Email letters, April 2, 2012

What is liberal and what is conservative?

Reinhold Niebuhr, esteemed Christian theologian of a few generations ago, begins his two-volume work on the Nature and Destiny of Man with this observation: “Man has always been his own most vexing problem. How shall he think of himself?”  

In light of that observation, I wondered whether it was coincidental or intentional when on March 29 The Daily Sentinel placed on the same page two articles, with accompanying photos, highlighting those extremes which are human mercy and human cruelty. One photo shows a tiny puppy, supported by gentle human hands, nursing a bottle while fitting comfortably inside a coffee cup. Another set of photos contrasts the before and after effects of acid thrown on a woman’s face.

According to the AP article, this despicable act “highlights the horrible mistreatment many women face in Pakistan’s conservative, male-dominated culture.” Male-dominated, yes. But conservative? A more accurate description would be: abusive,
male-dominated society. Radically evil deeds are not the monopoly of the conservative branch, regardless of societal context.

In a recent edition of the Journal of Medical Ethics, two medical ethicists out of esteemed Australian universities wrote an article, “After-birth abortion: Why should the baby live?” They explain: “What we call ‘after-birth abortion’ should be permissible in all the cases where abortion is, including cases where the newborn is not disabled.” These, er, ethicists, acknowledge such a procedure is tricky business, needing to be done before the infant develops “those properties that justify the attribution of a right to life to an individual.”

Since pro-choice is generally understood as a liberal position, we have here exemplified the extent some on the left are willing to define pro-choice. Yet, I suspect many self-described progressives would not consider the practice of after-birth abortion as, well, “progressive.” 
God, speaking through the prophet Isaiah, warns, “Woe to those who call good ‘evil’, and evil ‘good’ ”. However, due to our fascination with attaching self-justifying political or religious labels to the moral issues of the day, perhaps another woe would be fitting: “Woe to those who call conservatives ‘evil’ and progressives ‘good’ or, vice-versa.”



Issues being discussed in Fruita’s mayoral race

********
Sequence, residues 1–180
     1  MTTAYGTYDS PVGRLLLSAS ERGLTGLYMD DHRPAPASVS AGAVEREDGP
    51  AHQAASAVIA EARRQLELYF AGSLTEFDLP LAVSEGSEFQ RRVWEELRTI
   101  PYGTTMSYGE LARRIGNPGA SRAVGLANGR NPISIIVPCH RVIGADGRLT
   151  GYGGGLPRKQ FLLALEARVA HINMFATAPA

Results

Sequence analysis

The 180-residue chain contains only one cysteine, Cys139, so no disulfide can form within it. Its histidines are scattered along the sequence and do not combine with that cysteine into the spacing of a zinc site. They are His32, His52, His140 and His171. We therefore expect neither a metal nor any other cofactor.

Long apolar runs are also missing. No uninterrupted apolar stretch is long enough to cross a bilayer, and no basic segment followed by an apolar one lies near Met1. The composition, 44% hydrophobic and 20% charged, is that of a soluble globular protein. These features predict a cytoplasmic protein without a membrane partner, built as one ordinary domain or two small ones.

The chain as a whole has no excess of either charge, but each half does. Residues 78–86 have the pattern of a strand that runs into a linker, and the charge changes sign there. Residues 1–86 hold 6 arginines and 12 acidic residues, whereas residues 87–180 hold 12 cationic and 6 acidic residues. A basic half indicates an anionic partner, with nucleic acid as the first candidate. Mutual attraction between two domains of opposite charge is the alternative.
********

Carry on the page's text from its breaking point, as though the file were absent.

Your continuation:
Some issues raised in the Fruita mayor’s race merit clarification. The City Council did not vote to allow medical marijuana dispensaries in Fruita. In November, 2009, neither Colorado state law nor the state Constitution permitted municipalities to ban dispensaries.

Fruita had no restrictions regarding dispensaries. Attempting to ban dispensaries at that time would expose the city to potentially costly lawsuits. The Council voted to amend the Land Use Code to strictly regulate dispensaries, the only legal option available. These regulations were sufficiently restrictive as to discourage any dispensary from locating in Fruita. The only application that reached the City Council was unanimously rejected when the applicant failed to comply with the application requirements.

Consumption-based residential sewer rates are not a new idea. The entire Council is in favor of consumption-based residential rates. However, the city staff pointed out the technical difficulties of implementing such a system for over 4,000 residences, and suggested we begin by implementing consumption-based rates for our less than 200 commercial businesses. The entire Council agreed, with the expressed intent of including residential customers when feasible.

Every election another candidate makes statements about getting another grocery store in Fruita. I believe Mayor Henry and Councilor Buck met with executives from Kroger about expanding the existing City Market or building a new store. We met with consultants from Denver, who explained the business model supermarkets follow indicates Fruita’s current population will not support two stores, and no amount of discussion will persuade them otherwise.

If Councilor Moss believes he can bring a new grocery store to Fruita, why has he not done so in the four years he has spent on the Council?

Fruita City Council Member

Will new road design fit the needs of the area?

Does the new road design come with a wildlife fence since it’s federally funded? As for public comment, it sounds like it’s already built.

As far as new truck stops, the Acorn is already out there. What I’d like to know is if this new design doesn’t work, who’s going to pay to fix it? The City Council, county commissioners, CDOT or the people of Mesa County.

I think before they build it, they should see if it fits its needs. This would
be a new concept for these elected officials.

Grand Junction


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